My sister never had any problems with her always revolving hair colors and lengths.
She flew to Belgium with shoulder length bright pink hair and returned home with a pixie style cut that was WAY blond. Her pict showed her with long brown hair, No problems whatsoever. Well the customs lady at her return airport (I forget which one) gave her a bit of the stink eye because she had been through Amsterdam in the 6 weeks she was in Europe.

They look at your face and eyes. I have a hard time believing they would want you to change your picture every time you change the length or color of your hair. (Considering it takes forever to get a passport these days)

My passport picture shows me with slightly-below-shoulderlength brown/red hair. I’ve flown with an inch or two of spiky blonde hair, slightly longer black hair, long black hair etc. etc.

It’s never even gotten me a second look. Facial hair changing might be more difficult, but I really wouldn’t worry.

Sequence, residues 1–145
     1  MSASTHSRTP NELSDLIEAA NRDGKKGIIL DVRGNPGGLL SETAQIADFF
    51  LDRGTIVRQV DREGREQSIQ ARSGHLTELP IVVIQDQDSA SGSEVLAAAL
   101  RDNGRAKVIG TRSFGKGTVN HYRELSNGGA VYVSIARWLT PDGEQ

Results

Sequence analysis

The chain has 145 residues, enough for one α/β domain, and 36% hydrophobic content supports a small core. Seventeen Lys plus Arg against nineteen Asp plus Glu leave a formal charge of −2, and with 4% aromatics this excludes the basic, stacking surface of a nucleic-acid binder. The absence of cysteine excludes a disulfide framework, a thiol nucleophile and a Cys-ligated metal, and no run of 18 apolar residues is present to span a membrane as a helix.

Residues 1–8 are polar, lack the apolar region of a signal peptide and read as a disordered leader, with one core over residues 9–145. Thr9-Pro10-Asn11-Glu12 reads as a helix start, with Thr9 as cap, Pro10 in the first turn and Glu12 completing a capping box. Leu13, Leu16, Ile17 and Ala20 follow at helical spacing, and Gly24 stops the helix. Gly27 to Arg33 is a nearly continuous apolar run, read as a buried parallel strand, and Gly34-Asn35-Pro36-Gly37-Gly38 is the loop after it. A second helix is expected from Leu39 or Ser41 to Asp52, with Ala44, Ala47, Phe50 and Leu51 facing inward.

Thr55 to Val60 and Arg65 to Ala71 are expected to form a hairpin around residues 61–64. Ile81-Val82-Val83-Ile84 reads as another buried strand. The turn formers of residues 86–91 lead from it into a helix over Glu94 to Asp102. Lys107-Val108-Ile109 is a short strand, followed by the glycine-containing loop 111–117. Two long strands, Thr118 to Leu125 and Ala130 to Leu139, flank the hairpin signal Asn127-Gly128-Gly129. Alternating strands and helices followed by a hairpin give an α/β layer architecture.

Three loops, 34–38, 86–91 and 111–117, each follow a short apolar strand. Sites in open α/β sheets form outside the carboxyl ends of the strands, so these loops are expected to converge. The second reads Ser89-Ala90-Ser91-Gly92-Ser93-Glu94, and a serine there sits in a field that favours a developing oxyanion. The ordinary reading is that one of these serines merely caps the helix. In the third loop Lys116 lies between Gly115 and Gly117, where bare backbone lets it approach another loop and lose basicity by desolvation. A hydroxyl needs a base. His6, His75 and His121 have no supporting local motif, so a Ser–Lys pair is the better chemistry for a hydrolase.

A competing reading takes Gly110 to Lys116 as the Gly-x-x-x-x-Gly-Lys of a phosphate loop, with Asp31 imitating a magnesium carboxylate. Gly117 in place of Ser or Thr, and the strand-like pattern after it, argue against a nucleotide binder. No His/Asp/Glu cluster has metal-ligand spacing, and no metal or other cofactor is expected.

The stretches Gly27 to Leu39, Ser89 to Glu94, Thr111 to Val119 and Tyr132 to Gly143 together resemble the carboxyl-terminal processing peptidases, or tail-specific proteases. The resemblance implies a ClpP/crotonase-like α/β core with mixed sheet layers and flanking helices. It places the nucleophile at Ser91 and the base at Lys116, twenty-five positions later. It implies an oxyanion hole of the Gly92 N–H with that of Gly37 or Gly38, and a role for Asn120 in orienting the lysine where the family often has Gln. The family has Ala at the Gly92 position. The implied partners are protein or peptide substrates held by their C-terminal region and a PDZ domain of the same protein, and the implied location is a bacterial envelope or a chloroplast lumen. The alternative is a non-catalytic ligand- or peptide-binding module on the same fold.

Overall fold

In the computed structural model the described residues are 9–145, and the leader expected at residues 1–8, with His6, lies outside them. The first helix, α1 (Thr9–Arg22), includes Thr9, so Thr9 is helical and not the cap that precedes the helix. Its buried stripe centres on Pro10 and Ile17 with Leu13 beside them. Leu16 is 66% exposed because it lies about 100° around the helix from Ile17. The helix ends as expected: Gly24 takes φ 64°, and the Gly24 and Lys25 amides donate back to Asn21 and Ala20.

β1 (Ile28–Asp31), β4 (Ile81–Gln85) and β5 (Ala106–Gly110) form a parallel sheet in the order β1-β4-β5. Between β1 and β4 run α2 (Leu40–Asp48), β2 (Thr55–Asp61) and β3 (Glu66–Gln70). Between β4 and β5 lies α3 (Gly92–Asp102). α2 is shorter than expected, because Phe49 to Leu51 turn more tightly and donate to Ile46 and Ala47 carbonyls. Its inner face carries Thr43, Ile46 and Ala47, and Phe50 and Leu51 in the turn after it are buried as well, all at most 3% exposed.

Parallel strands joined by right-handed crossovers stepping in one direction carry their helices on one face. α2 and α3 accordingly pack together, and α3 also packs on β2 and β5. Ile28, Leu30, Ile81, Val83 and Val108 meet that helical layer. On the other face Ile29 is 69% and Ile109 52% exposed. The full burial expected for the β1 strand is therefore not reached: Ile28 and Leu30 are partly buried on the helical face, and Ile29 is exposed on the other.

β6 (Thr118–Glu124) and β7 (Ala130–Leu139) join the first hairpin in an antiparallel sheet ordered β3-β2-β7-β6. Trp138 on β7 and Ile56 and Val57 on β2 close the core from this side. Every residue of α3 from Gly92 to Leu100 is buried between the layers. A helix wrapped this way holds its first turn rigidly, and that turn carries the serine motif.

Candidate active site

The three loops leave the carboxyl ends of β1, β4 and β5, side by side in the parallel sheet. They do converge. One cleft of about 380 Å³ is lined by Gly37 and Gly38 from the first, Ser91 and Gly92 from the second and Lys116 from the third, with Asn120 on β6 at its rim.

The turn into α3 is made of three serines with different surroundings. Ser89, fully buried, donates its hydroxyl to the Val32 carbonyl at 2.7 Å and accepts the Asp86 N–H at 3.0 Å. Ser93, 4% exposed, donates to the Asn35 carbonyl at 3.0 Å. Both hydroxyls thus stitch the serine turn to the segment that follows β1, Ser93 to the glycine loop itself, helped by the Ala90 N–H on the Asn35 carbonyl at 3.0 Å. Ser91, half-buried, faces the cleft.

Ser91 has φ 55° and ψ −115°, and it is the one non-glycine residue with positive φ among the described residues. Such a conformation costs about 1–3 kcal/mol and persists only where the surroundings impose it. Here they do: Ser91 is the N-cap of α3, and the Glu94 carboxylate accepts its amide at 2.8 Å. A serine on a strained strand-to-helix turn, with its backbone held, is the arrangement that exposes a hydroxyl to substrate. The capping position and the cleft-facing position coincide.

I had my passport photo taken as an 18-year-old hippie, long wavy hair, no makeup. Three years later I traveled to Europe, four inches taller and much more mature. In the course of my travels I got the absolute best haircut of my life (in France) and my very first eyebrow wax, both of which inspired me to further improve my appearance with a bit of mascara and some lipstick, so I really didn’t look like the same person. No problem.

And I renewed that passport so I had it until I was 30 (I think; I think it was initially good for 7 years, renewable for another five, I could be misremembering).

Hilarity, airport and border security can be much more aggressive these days, which is what prompted my concern.

My passport photo shows me with a shaved head, and now I have a full head of hair. Haven’t had any problems yet.

Considering how much women I know (especially actresses) change their hair, make-up, skin color, etc. I don’t think it should be a problem. A nose job and face lift, on the other hand…
And if anyone ever says anything, I’m not sure it will take much more than an icy stare and mention of chemo to shut them up.